the online database of Japanese folkore

Shōkera

精螻蛄
しょうけら

Translation: mole cricket spirit
Habitat: rooftops, temples; only appears every sixty nights
Diet: wicked humans who try to outsmart the gods

Appearance: The shōkera is a large, dark-skinned, three-toed demon which spends most of its time lurking about on rooftops. Not much is known about this fearsome beast aside from its hunting practices. The shōkera is believed to be some kind of demon with connections to Kōshin, an esoteric Japanese folk religion with origins in Taoism.

Interactions: Shōkera only appear on special nights in the Kōshin faith which occurs every sixty nights. A shōkera spies through windows, doorways, or skylights in houses, and hunts for impious behavior. Then it pounces down in a vicious attack. Because Kōshin is no longer a widespread religion—and because victims of shōkera attacks would only be implicating themselves as wicked by admitting to seeing one—little else is known about the shōkera.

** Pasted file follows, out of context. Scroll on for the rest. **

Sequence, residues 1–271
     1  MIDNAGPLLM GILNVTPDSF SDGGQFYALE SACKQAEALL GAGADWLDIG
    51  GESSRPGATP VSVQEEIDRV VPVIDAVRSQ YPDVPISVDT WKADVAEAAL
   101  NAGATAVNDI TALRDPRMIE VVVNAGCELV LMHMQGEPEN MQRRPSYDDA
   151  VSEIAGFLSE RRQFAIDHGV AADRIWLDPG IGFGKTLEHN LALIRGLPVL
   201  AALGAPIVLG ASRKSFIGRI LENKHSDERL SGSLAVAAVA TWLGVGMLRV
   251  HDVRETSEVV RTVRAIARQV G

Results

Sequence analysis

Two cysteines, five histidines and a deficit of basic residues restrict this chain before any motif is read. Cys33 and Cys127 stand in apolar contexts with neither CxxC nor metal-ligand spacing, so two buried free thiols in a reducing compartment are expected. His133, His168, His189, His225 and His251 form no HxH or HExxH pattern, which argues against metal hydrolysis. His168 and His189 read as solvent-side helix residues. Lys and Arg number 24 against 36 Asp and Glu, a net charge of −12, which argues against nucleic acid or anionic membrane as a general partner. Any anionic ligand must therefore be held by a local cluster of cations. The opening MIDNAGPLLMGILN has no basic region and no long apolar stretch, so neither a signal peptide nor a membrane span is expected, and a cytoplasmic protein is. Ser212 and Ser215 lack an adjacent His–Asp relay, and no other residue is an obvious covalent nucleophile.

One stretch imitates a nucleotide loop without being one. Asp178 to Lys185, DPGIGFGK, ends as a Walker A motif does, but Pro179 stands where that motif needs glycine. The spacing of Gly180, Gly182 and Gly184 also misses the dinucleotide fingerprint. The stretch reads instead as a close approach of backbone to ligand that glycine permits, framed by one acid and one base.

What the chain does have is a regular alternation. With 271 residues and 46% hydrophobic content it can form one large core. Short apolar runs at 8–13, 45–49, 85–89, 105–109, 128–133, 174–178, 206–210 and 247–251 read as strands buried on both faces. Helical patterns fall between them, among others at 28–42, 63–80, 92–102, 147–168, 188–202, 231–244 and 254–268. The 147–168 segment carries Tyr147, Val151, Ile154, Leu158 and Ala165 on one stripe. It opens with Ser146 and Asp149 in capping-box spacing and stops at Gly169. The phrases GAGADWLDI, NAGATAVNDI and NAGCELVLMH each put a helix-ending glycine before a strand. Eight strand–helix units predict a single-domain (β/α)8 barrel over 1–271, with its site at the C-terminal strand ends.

Origin: According to Kōshin, there are three spiritual worms or insects, called the sanshi, which live inside every human body. Every sixty nights, on a special night called kōshin machi, these worms leave the body while their host human sleeps. The sanshi travel to heaven to report on the good and bad deeds of their human. The emperor of heaven then uses this information to lengthen or shorten people’s lives according to their deeds. While good people have nothing to fear from kōshin machi, the wicked might try to circumvent having their bad deeds reported by staying awake and reciting prayers all night long during these special nights so that the sanshi cannot leave the body. That’s when the shōkera goes to work. It lurks about on rooftops during these nights, peers into windows, and hunts for anyone violating the laws of heaven.

Alphabetical list of yōkai